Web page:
3. Jot Down a Few Websites
Once you have a better idea of the company culture and the person who will be interviewing you, write down some websites to use in your answer. Make sure to select the ones that are related to your job role. Prospective accountants might say The Economist, while teachers might say Scholastic, for example.
Mention informative and educational sites to show the interviewer that you are a hard worker and enjoy building your knowledge base. These are qualities that every employer values and uses to determine whether you will be a good cultural fit.
Depending on the company, you may want to give the impression that you're not all serious, and that you have a fun side, too. Name drop websites that offer entertainment, but also provide a lot of value in terms of professional and personal growth. For example, Upworthy has funny videos, but there are thousands of inspiring, motivational videos, as well. BuzzFeed has a lot of fun pages, but the site offers news, too. Your fun side can reveal the potential to get along with coworkers or add creativity into your work.
Once you have a few websites in mind, you need to make sure that you can support your choice. Be ready to describe how your chosen website boosts your personal growth or professional knowledge.
Examples of good websites include:
4. Avoid Interview Mistakes
Before stepping in front of that interviewing panel, make sure you're aware of any potential slipups. There are several mistakes you can make when answering this question. For instance, don't focus on social media. Twitter or Facebook are useful for interacting with others, but they don't represent who you are as a professional hoping to get hired. The safest action plan is to only mention social media if the job role entails it (e.g. a social media manager position).
While websites like YouTube are often used, avoid using this as an answer, unless you mention that you enjoy educational videos. Binging on funny clips all day isn't going to reflect the ideal candidate for a nurse's position, after all.
Finally, you don't want to highlight a website that you know nothing of. Select one that you genuinely use and know enough about to explain your reasoning.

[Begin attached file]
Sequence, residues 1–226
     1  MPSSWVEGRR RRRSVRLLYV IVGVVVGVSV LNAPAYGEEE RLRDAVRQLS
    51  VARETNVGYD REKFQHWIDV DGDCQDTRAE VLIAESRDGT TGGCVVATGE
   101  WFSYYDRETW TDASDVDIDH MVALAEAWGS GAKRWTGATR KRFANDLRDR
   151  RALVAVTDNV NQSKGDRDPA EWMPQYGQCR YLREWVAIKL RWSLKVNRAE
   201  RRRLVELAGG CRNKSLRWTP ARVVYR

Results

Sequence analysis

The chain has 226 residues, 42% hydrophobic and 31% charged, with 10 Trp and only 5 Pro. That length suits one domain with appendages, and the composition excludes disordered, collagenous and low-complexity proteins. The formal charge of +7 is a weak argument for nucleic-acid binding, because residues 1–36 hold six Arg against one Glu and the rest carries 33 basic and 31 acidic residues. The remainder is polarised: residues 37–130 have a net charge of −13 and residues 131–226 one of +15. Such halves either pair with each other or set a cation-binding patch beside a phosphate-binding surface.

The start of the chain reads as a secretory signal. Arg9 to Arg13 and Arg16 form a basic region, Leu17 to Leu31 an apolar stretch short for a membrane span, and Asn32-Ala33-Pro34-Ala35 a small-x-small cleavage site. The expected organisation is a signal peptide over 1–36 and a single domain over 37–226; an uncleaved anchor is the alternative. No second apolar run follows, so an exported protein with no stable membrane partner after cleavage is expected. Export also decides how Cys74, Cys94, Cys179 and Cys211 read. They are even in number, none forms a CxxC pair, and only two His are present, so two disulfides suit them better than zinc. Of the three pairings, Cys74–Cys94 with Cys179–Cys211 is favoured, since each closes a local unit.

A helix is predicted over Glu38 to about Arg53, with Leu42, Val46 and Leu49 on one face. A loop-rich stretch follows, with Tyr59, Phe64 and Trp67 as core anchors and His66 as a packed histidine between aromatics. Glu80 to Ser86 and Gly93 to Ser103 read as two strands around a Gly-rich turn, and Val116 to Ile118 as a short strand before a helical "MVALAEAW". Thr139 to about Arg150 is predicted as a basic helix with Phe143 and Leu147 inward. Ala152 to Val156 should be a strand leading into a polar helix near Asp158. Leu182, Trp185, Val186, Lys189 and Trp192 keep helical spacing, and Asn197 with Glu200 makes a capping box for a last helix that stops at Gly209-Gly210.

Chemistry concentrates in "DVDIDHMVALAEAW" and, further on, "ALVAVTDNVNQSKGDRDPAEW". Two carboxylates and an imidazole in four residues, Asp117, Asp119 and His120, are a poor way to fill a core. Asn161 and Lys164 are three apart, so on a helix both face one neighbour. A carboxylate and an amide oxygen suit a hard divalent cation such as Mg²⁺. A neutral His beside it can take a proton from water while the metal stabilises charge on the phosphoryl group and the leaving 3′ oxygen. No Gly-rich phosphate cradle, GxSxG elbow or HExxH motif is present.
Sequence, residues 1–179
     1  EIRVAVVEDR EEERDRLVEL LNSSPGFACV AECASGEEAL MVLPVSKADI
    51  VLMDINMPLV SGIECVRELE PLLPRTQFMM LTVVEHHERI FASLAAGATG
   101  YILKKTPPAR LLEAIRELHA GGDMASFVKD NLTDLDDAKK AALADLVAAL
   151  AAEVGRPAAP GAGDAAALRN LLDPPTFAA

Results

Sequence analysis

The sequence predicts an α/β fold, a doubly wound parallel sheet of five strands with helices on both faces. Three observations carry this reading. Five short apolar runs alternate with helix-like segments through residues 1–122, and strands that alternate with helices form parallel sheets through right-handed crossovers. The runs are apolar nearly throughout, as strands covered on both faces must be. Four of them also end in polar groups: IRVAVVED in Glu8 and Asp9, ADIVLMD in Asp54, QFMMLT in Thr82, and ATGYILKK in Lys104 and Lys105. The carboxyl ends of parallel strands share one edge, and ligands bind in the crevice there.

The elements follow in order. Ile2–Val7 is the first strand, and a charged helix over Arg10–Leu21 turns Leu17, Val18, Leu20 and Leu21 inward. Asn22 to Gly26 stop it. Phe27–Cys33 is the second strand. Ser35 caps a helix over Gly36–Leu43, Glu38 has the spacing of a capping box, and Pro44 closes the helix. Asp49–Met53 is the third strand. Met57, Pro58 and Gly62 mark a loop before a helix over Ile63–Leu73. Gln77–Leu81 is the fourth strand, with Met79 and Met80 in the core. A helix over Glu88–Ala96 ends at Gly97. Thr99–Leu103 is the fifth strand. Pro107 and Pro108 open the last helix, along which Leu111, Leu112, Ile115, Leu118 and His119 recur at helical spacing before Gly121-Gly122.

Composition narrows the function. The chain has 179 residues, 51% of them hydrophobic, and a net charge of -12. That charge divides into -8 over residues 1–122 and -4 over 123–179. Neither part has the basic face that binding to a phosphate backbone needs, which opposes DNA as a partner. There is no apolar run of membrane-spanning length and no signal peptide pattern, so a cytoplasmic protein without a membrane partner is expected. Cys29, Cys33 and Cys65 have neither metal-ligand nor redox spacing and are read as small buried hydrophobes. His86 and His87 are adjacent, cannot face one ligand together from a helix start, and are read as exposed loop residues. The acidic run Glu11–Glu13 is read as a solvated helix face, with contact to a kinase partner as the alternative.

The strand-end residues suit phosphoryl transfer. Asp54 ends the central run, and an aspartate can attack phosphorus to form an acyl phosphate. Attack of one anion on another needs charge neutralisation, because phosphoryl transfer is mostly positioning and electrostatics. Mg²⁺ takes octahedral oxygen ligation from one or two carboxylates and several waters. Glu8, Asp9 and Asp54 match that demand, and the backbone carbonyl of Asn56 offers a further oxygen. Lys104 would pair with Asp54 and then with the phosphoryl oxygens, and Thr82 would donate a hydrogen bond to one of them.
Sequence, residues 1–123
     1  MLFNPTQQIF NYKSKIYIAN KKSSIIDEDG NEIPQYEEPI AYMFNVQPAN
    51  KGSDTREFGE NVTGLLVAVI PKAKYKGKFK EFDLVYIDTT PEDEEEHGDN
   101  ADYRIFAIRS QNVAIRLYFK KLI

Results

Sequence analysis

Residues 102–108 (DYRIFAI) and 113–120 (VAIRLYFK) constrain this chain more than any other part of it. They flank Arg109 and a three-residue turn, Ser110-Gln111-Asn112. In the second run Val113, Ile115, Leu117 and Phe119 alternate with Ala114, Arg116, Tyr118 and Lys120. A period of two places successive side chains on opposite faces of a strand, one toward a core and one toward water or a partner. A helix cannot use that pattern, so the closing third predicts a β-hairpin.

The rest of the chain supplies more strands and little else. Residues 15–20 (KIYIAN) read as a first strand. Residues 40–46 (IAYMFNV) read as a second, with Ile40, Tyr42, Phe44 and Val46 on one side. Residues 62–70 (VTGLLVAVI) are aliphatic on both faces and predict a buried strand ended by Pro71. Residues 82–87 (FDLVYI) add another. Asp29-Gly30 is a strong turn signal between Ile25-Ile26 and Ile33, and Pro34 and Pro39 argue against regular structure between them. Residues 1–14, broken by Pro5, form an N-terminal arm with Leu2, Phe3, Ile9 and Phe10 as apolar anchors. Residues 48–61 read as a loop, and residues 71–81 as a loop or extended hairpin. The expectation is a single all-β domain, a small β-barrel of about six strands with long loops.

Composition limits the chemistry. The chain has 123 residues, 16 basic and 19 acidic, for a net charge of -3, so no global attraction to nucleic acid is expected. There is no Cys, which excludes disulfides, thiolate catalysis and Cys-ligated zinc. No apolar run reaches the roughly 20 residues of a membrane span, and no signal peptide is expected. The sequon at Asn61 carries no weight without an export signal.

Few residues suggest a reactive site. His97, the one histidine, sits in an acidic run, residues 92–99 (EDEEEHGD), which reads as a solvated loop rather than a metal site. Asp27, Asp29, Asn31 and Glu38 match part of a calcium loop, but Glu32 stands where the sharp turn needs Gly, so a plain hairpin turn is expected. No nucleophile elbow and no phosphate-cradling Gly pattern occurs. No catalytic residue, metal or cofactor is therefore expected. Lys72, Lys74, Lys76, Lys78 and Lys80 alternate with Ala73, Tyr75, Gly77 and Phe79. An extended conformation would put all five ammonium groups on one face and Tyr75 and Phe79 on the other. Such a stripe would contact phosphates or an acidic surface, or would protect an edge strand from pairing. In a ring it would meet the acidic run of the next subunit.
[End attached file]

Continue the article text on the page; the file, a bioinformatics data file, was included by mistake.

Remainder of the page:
To help you respond to this question in the best way possible, here are a few sample answers:
- My favourite website is BuzzFeed. I love to see the latest news in the world of technology, particularly the latest advancements made in computer science and robotics. I've been a computer geek for years, even though it's not my profession. It's fascinating to see where computers are going and how technology is evolving.
- While I enjoy the occasional fun video here and there, I spend a lot of time scrolling through sites like The Economist or Financial Times. I'm subscribed to their newsletters, too, so I'm always in touch with current events in the financial world.
- Moz is a favourite of mine. I'm always reading the latest news to catch up on SEO advancements as well as their blogs, so I can get a new viewpoint on any changes in the marketing landscape. Staying up to date with this site is what keeps my marketing craving intact. It's actually what encourages me to learn new SEO tactics.
- I'm a huge fan of TED Talks. This is where I gain a lot of inspiration and motivation. I find that it helps me push through any personal struggles and it gives me encouragement for my work life, too. There are also a few educational topics on there that enlighten me about business or science.
While it may not be the most common question to come up during your interview, it certainly isn't the hardest question to answer either. Revealing your favourite website during an interview can be pretty easy once you know which one to choose and have sound reasoning behind it.
Be honest about the sites you like, but make sure the answer paints you in a professional light and ultimately, indicates that you'll be the right candidate.
Have you ever been asked this question? Let us know how you tackled it in the comment section below!
This article is an updated version of an earlier article that was originally published on June 2014.